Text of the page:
The pacing makes the running time fly by and helps overcome the problem of all the subplots that needed to be dropped in order to have a manageable running time. New director
Alfonso Cuaron, replacing Chris Columbus’ sugary style, takes things in the suitably dark direction that the books do at this point, even little things like the photo in the wanted poster for Black that’s plastered everywhere. Like all magical photographs, it’s animated like a 10-second film clip. This one shows Oldman’s Black snapping at passersby like the worst psychopath of your worst nightmare. The camera angles are edgier with art direction that even in verdant forests has a dark cast to it, the perfect frame for the Dementors, who are the defining image of this installment. Those would be the guards at Azkaban who are now tracking down Black at Hogwarts. These spectral, skeletal things clad in ragged capes that float unnaturally, seem not to be in the same plane of reality as everyone else. Silent and relentless, their presence is announced with a creeping frost. Their weapon is to suck happiness from their victims, or anyone who gets in their way, or souls from the condemned with a mouth that looks like a lamprey’s. It’s enough to disrupt the sleep of adults, much less kids. Compared to them, the werewolf is adorable, and believe me, he’s not adorable in and of himself.

Harry and Hermione are still sympathetic, but are no longer cute in that kid way. Grint’s Ron, on the other hand, still manages to steal scenes with a fine sense of being ferociously overwhelmed at every turn as the least able member of the crew, both physically and magically.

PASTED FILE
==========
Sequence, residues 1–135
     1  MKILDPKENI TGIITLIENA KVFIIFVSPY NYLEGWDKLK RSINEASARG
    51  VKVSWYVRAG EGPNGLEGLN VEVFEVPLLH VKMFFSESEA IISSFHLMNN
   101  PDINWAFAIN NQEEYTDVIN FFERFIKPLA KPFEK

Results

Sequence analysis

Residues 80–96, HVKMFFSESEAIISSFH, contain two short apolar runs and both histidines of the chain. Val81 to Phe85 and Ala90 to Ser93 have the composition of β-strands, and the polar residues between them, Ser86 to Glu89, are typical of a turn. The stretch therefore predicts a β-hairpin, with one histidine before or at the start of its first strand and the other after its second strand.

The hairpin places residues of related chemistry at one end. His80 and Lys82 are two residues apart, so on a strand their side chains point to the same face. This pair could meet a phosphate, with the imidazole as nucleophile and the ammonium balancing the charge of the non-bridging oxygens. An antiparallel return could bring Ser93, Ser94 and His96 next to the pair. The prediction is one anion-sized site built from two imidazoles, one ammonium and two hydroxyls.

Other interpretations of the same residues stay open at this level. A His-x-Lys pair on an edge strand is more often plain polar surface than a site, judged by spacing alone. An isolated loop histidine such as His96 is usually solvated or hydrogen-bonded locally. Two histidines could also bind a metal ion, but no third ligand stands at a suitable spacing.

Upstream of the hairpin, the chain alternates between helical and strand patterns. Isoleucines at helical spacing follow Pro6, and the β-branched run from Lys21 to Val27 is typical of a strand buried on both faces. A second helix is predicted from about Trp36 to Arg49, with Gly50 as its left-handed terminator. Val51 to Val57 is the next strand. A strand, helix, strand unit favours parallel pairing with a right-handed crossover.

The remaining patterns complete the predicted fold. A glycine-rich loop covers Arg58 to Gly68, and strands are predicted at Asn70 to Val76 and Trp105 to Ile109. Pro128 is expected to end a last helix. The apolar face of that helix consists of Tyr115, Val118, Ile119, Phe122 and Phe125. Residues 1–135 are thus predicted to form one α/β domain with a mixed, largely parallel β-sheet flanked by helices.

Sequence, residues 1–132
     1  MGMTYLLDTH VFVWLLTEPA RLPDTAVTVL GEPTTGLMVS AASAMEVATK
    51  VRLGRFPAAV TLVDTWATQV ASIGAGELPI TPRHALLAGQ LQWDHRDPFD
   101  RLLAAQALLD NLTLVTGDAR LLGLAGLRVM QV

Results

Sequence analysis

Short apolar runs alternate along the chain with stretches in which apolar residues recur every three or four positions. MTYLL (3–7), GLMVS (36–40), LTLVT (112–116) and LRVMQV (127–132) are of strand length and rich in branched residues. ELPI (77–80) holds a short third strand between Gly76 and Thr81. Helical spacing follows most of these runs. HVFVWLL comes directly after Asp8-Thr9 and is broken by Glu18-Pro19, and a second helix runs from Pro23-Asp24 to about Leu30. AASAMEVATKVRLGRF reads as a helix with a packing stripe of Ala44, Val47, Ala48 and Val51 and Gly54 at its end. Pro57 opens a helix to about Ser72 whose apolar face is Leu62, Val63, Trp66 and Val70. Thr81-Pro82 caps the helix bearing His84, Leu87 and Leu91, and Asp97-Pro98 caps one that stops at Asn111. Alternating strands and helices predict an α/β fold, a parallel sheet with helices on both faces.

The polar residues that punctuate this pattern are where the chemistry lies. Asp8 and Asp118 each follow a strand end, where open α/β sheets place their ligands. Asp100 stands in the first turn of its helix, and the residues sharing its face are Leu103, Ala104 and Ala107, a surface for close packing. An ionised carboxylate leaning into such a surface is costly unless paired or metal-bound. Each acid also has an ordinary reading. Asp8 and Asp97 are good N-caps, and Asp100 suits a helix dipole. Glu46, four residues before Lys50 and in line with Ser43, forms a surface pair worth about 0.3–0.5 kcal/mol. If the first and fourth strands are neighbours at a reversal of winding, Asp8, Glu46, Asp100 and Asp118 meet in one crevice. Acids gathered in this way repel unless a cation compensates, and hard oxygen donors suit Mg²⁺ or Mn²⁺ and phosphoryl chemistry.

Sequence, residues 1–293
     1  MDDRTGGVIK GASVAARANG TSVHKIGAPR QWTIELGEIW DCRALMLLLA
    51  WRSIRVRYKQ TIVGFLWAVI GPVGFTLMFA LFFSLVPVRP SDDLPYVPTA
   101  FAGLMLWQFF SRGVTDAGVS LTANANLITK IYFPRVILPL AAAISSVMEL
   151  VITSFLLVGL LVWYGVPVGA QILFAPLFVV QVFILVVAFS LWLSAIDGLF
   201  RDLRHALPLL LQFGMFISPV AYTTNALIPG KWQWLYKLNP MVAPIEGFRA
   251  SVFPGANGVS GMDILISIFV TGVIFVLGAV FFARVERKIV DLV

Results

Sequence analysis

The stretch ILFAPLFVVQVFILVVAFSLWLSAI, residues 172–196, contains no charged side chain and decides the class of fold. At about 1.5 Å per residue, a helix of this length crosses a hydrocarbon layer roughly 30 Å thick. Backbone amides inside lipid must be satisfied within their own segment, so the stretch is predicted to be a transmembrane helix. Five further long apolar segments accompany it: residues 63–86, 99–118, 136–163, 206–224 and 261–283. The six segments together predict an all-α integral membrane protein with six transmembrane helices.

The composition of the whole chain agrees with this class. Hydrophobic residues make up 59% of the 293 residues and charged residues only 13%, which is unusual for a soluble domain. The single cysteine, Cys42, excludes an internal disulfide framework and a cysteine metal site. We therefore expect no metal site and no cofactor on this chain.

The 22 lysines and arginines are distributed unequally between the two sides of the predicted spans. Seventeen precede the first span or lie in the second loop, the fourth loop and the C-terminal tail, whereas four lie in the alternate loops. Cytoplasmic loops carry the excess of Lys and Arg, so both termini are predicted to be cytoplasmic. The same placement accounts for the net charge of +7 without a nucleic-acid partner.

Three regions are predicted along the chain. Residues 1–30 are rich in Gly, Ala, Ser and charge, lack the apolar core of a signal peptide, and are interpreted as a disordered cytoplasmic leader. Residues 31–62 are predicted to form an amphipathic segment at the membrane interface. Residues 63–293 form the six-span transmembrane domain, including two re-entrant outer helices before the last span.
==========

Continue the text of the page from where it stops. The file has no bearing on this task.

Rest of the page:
Hermione, the brains of the bunch, has become even more serious, almost grim, but distinctly empowered. Watson herself has slimmed down to the standard of Hollywood sveltness and has become oddly self-conscious in her performance. Radcliffe has matured appealingly, taking on a more solid body shape and the proper dose of moodiness that comes with being a teenager, whether muggle or wizard.  He summons up the hot-blooded, all-encompassing anger that doesn’t know when, if, or how to explode, yet he can still weep convincingly when the moment calls for it.

Most of Rowling’s large cast of supporting characters make the cinematic cut, but some fare better than others.
There’s plenty of Hagrid (Robbie Coltrane), the giant who watches over Harry and an assortment of magical creatures, but Maggie Smith as Professor McGonagall, has barely more than a cameo. John Cleese as Nearly Headless Nick is AWOL, replaced by marauding knights on horseback that are studiously ignored by everyone. As for Michael Gambon, who has the potentially thankless task of taking over for the late Richard Harris as Headmaster Dumbledore, he makes the transition as seamless as these things can be, adding a bit of gravitas to the part without sacrificing a fine, though distinctly understated, sense of humor.